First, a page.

The Day of the Dolphin
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- New digital transfer
- Interviews with screenwriter Buck Henry and co-stars Leslie Charleson and Edward Herrmann
- World's Most Amazing Dolphin Trivia Gallery
- Dolphin Bios
- Essay by film critic Nathan Rabin from The Onion
Top Customer Reviews
George C. Scott gives a passionate performance. In fact, one thing that you'll note about Scott is whether or not he appeared in trash (The List of Adrian Messenger) or treasure (Patton), his performance is alwasys powerful and committed. Trish Van DeVere also gives a strong performance. She was always underrated as an actress because 1) She was married to Scott and 2)she was always in his shadow. Her performance helps ground what was at the time a farfetched scenerio in reality.
Buck Henry's intelligent screenplay does have some narrative problems but, on the whole, he cleans up the novel's unbelievable plot and jumpy narrative. His screenplay is crisp, clean and his characters strong. An interview with Henry is provided as an extra and his comments demonstrate that he doesn't hold his work on the film in very high regard. It's a pity as he does wonders with the material.
Nichols always straddled the fence between being an actor's director and a film director.Read more ›
Arguably the last great film directed by Mike Nichols, DAY OF THE DOLPHIN is a classy, beautifully produced science fiction/political conspiracy thriller with a heart. Despite its potentially maudlin storyline, Buck Henry's serious, unironic screenplay and Nichols' graceful direction carefully avoid sentimentality at every possible turn. Initially the story concentrates on Terrell and his relationship with his coworkers as their long work with the two dolphins is revealed to have achieved truly astounding results. Fa and Bee are lovely and enchanting creatures with very sweet, babyish voices. Things become deadly serious in the film's relentless second half, but because the conspiracy theme has been introduced so gradually the change in tone and the orchestrated melodramatics are perfectly acceptable.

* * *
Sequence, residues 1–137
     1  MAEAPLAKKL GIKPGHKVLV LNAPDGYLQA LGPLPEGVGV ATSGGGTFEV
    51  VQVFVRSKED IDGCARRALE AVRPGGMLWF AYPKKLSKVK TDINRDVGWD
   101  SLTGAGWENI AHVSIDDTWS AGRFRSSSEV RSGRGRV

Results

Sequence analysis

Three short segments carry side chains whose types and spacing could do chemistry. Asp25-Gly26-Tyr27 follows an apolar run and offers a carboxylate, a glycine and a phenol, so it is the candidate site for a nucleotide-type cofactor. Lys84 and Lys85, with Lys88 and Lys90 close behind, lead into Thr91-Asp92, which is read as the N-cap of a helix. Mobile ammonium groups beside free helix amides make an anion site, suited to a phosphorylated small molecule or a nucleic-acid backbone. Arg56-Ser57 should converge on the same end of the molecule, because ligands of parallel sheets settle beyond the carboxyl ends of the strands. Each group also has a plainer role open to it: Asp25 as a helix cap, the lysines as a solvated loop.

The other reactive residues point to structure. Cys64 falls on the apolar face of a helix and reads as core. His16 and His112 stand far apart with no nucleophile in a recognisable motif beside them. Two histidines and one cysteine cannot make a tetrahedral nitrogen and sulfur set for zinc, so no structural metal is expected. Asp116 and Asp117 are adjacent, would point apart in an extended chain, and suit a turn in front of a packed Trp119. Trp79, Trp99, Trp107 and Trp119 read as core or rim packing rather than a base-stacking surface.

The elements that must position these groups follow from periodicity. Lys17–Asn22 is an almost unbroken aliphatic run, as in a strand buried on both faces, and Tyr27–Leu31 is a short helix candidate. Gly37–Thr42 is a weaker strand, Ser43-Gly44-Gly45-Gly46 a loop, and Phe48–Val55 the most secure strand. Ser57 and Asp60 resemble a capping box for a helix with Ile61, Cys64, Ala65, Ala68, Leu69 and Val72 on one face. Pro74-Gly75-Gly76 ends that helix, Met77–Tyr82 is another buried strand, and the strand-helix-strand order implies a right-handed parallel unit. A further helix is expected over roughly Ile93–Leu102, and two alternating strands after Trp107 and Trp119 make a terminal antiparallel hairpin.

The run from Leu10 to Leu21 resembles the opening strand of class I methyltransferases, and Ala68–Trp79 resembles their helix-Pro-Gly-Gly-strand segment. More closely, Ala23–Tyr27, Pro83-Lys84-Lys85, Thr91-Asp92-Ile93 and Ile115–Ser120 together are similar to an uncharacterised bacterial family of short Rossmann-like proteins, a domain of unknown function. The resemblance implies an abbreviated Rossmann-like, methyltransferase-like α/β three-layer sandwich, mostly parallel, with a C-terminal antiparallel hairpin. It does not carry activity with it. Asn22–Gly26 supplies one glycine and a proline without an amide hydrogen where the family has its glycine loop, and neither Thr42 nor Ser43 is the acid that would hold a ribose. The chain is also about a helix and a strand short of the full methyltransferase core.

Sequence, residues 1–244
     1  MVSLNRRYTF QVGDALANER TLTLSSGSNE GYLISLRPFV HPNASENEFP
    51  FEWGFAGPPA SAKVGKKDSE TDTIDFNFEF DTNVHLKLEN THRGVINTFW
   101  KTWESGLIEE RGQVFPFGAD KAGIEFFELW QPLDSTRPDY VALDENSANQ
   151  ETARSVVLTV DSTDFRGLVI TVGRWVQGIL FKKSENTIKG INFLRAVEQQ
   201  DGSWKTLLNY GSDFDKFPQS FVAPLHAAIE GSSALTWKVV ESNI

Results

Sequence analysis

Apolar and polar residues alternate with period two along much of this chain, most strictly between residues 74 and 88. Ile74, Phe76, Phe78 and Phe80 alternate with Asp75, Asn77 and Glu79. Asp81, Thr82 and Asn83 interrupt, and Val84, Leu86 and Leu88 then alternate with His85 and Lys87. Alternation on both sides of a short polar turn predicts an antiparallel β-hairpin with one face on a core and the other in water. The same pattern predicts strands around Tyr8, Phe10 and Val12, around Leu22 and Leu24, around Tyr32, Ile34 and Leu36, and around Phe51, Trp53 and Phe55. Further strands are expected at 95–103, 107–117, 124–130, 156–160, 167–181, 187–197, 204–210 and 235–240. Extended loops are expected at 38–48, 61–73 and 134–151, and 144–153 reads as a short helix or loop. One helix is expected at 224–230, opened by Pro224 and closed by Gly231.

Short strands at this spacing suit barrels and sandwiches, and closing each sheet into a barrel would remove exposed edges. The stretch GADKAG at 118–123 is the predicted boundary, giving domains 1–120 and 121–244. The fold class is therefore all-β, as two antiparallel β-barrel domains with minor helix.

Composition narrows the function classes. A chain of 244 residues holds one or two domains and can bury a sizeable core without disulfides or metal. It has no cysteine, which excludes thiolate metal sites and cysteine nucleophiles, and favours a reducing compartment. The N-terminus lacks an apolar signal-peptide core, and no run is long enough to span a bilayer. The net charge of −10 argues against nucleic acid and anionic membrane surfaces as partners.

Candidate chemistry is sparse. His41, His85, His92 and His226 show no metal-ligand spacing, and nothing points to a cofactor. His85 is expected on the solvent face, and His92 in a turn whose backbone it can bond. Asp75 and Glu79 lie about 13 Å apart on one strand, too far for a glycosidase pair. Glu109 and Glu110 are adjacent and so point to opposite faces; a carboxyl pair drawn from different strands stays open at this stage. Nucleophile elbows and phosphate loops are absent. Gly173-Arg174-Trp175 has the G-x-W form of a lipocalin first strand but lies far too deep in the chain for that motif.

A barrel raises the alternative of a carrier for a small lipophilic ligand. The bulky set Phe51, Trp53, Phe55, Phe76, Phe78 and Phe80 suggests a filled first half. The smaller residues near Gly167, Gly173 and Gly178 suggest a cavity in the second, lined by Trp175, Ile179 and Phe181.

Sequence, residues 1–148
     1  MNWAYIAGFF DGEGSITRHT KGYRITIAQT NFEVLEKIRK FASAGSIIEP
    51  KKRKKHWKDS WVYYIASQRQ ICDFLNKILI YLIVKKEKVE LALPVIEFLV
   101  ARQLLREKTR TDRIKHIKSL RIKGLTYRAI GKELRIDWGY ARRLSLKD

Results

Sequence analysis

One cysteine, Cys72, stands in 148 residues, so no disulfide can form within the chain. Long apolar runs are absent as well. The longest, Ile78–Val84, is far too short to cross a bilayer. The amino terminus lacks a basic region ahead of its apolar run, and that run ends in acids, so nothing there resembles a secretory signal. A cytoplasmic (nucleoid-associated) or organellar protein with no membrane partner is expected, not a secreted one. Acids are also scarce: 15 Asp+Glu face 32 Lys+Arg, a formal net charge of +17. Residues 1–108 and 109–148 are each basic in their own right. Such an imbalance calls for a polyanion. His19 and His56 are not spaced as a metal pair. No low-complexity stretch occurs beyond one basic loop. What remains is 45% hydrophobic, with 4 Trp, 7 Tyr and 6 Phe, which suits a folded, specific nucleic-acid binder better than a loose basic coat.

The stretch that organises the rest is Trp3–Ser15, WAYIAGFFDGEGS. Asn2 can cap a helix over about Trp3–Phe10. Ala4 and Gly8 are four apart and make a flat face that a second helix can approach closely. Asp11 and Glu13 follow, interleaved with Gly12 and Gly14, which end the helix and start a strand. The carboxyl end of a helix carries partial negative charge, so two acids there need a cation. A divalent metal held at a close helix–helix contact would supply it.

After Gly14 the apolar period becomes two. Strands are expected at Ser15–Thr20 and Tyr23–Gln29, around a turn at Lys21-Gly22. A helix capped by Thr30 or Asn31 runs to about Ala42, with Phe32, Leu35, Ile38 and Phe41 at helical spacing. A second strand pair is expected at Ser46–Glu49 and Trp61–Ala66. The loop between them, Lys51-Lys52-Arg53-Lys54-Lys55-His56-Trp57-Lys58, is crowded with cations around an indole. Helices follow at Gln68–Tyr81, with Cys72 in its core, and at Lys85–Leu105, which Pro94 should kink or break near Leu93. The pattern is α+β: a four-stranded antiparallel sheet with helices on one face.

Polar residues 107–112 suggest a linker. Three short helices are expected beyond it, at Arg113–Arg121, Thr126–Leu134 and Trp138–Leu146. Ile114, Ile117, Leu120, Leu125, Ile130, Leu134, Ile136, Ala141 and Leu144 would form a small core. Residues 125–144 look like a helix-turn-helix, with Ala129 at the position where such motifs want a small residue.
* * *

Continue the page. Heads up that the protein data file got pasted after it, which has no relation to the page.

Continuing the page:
George C. Scott plays the bad tempered Terrell with the actor's trademark intensity. Its a passionate and powerful performance, and its perfectly easy to see why the dolphins look at him like some kind of god who towers above the other humans.Read more ›
Telling the story of a dolphin research facility, Scott plays its leader. Financed by a large corporation, their work is largely unknown even by their sponsors. They have been working on communication techniques and their unorthodox secrecy starts to raise various suspicions. Paul Sorvino, as a mysterious intruder, starts to poke around menacingly and all that is of value to Scott and his team is threatened. Publicly revealing the truth behind their experiments to their bosses, they now find themselves pawns in a larger scheme. It's hard to determine who to trust as potential allies are shown to be villains and vice versa. And caught in the middle are the dolphins who are to be exploited as bomb carrying assassins.
While, in truth, "The Day of the Dolphin" advertises itself as a political thriller with a sci-fi component--I think you'd be better off going into the film knowing nothing about it. But it seems unlikely that anyone could do that.Read more ›
Most Recent Customer Reviews
Got this movie as a Christmas present for my pops. He took my mom to see Day of the Dolphin in theatres on their first date in 1973! I was surprised by how good it was. Read morePublished 7 months ago by Amazon Customer
This is one of my all-time favorite films. George C Scott is super. Scenery is magnificent, and it can be a tear-jerker at times. Read morePublished 15 months ago by Keys Kritter
Bad, ridiculous, boring, and very 70s. It's slow and nearly plotless in that dull way that 70s movies could be. Read morePublished on July 7, 2014 by Jack Ryan
I love this move , so did my Granddaughter who love dolphins great story , for a old move it's still a good movie . Thank youPublished on June 10, 2014 by robert h white